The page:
The next goal in this evolving technology would be, to detect one molecule in a trillion. This would broaden the applications and it is theorized that scientist and doctors would then be able to identify the beginnings of breast cancer, colon cancer, heart disease as well as several other life threatening diseases. The earlier they can detect these diseases and begin treatment, the higher the chance of a patients survival.

So it is not too hard to imagine, that sometime in the near future, when you’re visiting your doctor, he/she can possibly do a fast, low cost, easy to preform, non-invasive breath test to diagnose a broad range of diseases or medical conditions.

For more information concerning first aid and CPR training in the San Francsico, San Jose Bay Area, call us at 1-888-313-2444

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Mar
27

Cardiac Arrest in Youth Baseball

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Cardiac arrest is a rare occurrence in children, but it can happen, especially when associated with a sporting activity. There’ve been recorded incidents of cardiac arrest in children while participating in baseball, football, basketball, hockey, karate and even in soccer. Before parents begins pulling their child from all sports, let me explain that cardiac arrest is a very rare condition in children, but it would be prudent to be prepared and have training in CPR and first aid skills.

A condition called “Commotio Cordis” happens when a person receives a blow to the chest at a very specific time during a heartbeat. After the heart squeezes out blood, it goes through a resetting process before the next contraction. If a person receives a blow to the chest during this resetting period, the heart can begin to quiver. This quivering action is called ventricular fibrillation and in most situations, the method to cure this condition is called defibrillation, which is done with the use of an Automated External Defibrillator (AED).

Most childhood sporting organizations now require that coaches and assisting personnel be trained in CPR. If an incident does occur, immediately have someone call 911 and begin CPR with chest compressions. AEDs have shown to be very instrumental in helping correct a heart that’s in fibrillation. Organizations should strongly consider purchasing and having an available AED at all games and practices.

Studies have shown that resuscitation rates from cardiac arrest increases significantly when an AED is used in conjunction with CPR within the first three minutes of a victim going into ventricular fibrillation. The longer it takes for this to happen the chances of survival decreases sharply. In most cases waiting for the ambulance to arrive, may be too late.

A child in cardiac arrest is very scary, but considering this is very rare it’s unlikely to happen to your child. Encourage your children to participate in sports and other physical activities, just be prepared to act with CPR and first aid skills in case of an emergency.

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Jan
23

Can You Influence Your Dreams?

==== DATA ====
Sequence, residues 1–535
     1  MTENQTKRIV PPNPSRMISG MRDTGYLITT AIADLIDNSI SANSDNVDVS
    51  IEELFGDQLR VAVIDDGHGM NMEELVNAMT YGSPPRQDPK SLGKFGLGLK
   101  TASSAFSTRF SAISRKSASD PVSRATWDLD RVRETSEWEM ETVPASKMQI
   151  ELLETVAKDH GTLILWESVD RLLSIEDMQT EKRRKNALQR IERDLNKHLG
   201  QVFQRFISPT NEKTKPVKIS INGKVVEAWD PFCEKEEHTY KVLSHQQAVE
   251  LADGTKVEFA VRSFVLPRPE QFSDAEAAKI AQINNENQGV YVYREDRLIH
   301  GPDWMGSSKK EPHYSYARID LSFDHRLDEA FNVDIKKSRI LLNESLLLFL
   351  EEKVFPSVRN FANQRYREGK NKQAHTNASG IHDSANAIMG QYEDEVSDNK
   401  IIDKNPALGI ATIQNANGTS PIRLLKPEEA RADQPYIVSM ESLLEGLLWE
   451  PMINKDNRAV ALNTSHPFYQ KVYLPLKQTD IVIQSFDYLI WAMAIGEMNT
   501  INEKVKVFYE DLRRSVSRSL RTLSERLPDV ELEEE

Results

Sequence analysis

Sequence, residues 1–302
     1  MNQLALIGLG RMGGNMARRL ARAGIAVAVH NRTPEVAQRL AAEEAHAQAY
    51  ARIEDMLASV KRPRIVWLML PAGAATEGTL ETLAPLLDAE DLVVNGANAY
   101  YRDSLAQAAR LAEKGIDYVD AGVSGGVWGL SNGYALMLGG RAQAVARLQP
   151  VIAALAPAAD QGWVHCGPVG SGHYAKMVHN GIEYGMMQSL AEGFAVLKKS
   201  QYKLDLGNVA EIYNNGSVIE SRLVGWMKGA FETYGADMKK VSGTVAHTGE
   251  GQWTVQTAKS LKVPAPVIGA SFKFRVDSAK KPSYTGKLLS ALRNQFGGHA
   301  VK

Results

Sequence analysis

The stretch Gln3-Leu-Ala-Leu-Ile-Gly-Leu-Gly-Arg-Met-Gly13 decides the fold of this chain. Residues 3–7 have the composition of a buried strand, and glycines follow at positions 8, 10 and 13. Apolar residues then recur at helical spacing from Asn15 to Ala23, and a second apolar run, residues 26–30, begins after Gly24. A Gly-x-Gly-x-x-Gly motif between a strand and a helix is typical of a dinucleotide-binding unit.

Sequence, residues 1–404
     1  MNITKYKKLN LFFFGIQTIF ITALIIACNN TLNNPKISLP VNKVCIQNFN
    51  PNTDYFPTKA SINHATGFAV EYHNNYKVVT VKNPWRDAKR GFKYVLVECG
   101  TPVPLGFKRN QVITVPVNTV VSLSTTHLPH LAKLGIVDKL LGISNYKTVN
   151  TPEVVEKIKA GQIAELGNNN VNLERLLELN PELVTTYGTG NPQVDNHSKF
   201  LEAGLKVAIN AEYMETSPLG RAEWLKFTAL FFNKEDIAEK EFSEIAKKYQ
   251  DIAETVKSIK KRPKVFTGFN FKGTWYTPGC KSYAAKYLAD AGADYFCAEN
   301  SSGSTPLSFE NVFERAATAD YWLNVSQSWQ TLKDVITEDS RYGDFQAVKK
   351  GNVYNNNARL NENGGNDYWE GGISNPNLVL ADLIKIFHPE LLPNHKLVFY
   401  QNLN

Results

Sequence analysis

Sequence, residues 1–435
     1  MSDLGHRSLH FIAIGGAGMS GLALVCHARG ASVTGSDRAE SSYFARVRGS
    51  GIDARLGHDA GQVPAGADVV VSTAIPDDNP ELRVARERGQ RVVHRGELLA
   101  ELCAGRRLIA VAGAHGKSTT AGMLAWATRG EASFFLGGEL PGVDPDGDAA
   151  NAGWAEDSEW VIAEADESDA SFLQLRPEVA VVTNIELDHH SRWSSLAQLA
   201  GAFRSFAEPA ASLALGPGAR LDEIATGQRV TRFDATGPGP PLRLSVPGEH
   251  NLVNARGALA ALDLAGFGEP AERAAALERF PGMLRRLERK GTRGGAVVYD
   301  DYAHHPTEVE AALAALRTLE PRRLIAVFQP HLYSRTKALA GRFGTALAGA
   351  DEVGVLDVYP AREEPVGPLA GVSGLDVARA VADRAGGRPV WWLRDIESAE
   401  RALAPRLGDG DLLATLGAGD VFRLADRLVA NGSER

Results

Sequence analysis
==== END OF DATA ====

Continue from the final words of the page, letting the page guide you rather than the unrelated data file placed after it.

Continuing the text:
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Can you effect the type of dreams you have at night? Many studies suggest you can and sleep is very important to your health. Poor sleep can have several health repercussions especially on your heart. So it’s important to try and get a restful night of sleep each day.

Each night you go through 4-cycles of sleep. These cycles repeat approximately every 90 minutes. Most adults have 4 to 5 of these sleep cycles every night.

1) The first cycle is the process when you are just beginning to fall asleep. You’re in a light sleeping state and can still respond to outside stimuli.
2) The second stage is where you go deeper into the sleeping state, you’re body temperature begins to decrease and your heart rate slows.
3) The third stage is where you are in a very deep sleep. You become less responsive to outside stimuli.
4) The final stage is called REM (rapid –eye – movement) sleep or the dream state.

The amount of time you spend in each of these cycles can vary during the evening. REM sleep can last for just a few minutes or up to an hour during an individual cycle. Having good or pleasant dreams can help how well you sleep and how rested you feel in the morning. Being able to influence on your dreams can have a positive impact on your health.

Researchers have found that smells can have an effect upon your dreams. The smell center of the brain is linked directly to the same part of the brain that controls dreams. Foul smells tend to produce more bad dreams or nightmares. The opposite seems to be true, where pleasant smells trigger more positive dreams.

Knowing that you can have an impact on how you dream, you may consider placing items in your bedroom that produce smells you find pleasant or engaging. It wouldn’t be pushing the envelope too far to see how you can manipulate your dreams to produce positive effects at night. Such as, perhaps inhaling a smell that reminds you of the good times you had with your Grandma who has past, you can possibly promote a positive dream about your Grandma during the that evening of sleep.